An industrial archeology structure owned by Italgas.
The San Paolo workshop started operating in July 1910. The works began in 1908. The original project was signed by the engineer Ulderico Bencivenga. Between 1908 and 1910, the Anglo-Roman Company presented to the Construction Commission the plans for production and auxiliary plants of two workshops on the Ostiense street.
This type of gas meter used in Rome is called a telescope as, through the lateral guides, the internal cylinder rises indicating the gas capacity. The three smaller gasometers which began operating between 1910 and 1912, were built by Samuel Cuttler & sons London. The first two have a capacity of 25,000 cubic meters. The third has a capacity of 60,000 cubic meters.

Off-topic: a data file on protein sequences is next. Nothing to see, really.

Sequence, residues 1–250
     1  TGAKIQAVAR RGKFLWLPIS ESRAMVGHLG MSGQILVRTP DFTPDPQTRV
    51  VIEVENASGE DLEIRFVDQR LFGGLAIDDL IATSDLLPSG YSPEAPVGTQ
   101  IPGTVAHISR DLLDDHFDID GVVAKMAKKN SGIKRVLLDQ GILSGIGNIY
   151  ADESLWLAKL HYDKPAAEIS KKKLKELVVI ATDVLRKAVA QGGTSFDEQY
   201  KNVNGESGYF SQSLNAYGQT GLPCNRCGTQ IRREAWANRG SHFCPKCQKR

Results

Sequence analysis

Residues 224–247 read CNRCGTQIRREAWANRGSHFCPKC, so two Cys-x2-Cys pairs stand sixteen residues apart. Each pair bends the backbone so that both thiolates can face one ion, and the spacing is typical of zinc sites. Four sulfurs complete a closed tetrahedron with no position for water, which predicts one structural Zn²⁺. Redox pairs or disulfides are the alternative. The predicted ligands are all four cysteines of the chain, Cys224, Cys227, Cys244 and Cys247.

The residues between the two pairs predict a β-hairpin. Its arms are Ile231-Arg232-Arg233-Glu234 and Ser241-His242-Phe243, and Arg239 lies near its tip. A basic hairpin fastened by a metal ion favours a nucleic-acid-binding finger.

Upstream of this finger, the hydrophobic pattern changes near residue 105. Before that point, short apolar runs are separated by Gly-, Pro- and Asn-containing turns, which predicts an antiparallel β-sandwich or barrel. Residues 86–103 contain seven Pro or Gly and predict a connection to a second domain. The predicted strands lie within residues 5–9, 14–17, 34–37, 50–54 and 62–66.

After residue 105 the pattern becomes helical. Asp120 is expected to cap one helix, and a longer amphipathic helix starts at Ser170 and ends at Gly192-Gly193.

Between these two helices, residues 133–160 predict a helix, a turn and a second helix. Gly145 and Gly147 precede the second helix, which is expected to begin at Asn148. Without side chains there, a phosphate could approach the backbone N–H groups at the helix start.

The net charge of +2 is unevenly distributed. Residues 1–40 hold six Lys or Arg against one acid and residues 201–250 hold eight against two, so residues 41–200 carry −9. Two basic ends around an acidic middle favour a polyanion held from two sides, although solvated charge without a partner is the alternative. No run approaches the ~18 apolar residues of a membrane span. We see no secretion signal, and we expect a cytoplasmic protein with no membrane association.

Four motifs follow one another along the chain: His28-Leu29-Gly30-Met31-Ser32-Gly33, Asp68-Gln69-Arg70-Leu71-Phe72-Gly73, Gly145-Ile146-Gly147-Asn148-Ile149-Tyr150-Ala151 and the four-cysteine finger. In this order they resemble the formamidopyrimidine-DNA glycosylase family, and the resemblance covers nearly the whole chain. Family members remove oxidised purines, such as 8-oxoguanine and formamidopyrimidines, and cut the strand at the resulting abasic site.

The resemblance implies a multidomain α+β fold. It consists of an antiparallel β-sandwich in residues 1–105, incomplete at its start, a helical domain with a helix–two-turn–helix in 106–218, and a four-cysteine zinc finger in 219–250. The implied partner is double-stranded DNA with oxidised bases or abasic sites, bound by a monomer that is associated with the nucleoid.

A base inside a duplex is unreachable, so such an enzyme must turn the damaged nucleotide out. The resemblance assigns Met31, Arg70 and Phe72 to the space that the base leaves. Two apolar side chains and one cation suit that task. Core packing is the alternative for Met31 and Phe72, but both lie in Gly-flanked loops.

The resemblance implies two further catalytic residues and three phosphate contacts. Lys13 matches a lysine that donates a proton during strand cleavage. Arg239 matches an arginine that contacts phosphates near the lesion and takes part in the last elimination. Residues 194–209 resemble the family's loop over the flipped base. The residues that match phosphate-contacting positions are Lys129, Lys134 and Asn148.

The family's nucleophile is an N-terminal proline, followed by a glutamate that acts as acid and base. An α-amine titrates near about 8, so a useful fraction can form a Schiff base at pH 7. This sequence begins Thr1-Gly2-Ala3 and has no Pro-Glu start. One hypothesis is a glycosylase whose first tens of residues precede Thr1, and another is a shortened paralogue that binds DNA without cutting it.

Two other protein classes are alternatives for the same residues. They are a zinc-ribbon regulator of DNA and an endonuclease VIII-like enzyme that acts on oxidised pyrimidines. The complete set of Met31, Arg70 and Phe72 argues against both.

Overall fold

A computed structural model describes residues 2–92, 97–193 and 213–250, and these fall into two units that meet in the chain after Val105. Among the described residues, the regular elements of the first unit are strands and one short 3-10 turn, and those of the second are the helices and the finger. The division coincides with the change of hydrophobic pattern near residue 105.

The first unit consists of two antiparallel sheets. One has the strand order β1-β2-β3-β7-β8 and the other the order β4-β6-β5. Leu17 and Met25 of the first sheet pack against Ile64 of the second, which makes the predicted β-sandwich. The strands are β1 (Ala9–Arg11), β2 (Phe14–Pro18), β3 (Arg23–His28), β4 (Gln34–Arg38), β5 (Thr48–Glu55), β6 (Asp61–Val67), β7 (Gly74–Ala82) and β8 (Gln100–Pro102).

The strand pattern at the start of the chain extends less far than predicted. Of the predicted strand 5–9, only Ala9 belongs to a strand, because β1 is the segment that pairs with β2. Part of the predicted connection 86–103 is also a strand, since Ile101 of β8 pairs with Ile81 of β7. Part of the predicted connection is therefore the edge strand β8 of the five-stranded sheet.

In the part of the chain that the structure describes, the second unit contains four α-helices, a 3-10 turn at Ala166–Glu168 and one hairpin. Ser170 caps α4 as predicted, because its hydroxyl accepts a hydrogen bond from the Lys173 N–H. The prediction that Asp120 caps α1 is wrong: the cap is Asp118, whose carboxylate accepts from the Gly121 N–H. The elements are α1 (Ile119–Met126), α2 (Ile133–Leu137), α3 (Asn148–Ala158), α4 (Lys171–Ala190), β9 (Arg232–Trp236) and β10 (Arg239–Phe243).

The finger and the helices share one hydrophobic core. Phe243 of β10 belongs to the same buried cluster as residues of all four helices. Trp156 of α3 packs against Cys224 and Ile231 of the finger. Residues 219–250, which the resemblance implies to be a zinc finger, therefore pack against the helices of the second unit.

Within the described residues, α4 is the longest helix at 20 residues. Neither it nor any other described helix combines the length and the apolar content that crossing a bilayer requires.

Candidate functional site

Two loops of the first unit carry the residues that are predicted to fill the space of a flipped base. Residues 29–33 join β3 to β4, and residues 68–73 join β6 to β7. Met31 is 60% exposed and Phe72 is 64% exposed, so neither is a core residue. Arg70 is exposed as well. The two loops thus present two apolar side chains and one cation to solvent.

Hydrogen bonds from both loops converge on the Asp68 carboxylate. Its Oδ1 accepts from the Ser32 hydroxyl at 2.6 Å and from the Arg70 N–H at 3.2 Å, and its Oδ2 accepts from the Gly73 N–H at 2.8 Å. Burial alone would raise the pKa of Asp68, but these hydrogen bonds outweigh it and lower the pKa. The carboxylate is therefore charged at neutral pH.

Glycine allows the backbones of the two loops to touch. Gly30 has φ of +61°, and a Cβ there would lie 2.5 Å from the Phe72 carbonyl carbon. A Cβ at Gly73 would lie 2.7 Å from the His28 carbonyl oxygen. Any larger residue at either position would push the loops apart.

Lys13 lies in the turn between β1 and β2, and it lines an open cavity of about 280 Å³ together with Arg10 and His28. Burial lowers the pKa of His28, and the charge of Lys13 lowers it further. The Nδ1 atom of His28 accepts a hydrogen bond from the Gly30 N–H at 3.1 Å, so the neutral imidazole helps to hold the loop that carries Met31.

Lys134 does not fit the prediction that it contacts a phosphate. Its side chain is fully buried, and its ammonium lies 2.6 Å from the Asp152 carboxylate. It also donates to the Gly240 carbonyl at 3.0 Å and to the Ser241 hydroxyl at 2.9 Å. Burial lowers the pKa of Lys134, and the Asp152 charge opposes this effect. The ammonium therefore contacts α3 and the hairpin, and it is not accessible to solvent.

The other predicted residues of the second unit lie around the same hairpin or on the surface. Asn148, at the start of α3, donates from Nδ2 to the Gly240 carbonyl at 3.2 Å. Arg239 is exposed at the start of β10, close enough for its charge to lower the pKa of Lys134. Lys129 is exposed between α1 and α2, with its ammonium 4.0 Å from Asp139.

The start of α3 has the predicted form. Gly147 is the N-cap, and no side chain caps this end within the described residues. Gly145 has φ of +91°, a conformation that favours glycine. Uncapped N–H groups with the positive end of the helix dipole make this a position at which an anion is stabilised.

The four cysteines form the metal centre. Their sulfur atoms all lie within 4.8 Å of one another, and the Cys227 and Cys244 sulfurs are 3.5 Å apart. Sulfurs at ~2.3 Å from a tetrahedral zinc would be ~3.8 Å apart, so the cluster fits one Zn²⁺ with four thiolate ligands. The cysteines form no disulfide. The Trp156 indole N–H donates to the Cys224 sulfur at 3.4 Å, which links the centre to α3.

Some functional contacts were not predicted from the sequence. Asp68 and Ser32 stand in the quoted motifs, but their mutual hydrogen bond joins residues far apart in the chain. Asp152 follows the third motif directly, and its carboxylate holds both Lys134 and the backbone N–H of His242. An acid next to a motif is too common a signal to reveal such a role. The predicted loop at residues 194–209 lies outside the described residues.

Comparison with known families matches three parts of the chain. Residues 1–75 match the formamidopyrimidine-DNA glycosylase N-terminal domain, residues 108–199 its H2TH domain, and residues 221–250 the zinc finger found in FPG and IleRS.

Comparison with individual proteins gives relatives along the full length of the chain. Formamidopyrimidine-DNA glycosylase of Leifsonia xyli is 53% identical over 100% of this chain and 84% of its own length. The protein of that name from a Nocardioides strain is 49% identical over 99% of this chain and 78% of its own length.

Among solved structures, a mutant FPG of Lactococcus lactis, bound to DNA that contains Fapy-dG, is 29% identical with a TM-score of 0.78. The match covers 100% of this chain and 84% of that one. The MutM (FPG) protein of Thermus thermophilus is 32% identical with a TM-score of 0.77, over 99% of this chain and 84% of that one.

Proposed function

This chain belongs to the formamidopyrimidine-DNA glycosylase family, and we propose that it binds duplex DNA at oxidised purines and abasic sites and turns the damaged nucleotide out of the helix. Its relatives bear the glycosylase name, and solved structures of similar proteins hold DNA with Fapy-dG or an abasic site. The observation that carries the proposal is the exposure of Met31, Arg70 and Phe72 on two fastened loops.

The large gasometer, then subjected to an architectural constraint, was instead built in 1936 by the company Klonne Dortmund and Ansaldo from Genoa, with a capacity of 200,000 cubic meters.
Various extraordinary maintenance interventions were carried out in the years 1966, 1968, 1974.
In 1923, with the exit of the English funds, the Anglo Romana took the name of Rome's Electricity and Gas Company. Within two years, the two companies split up and, on 21 December 1925, the Romana Gas company was established.
At the beginning of 1960, in anticipation of the imminent arrival of natural gas in Rome, very modern and high-potential plants were built for the catalytic reformation of methane. Between 1966 and 1967, SNAM acquired 30% of the Italgas property. In 1970, methane entered the first houses of the Spinaceto district, while 1981 marked the inauguration of works for the complete methanisation of Rome.
Currently, the Romana Gas (ITALGAS) business deals exclusively with the methane distribution network.
The buildings of the former gas factory were gradually decommissioned, starting in the 1960s.
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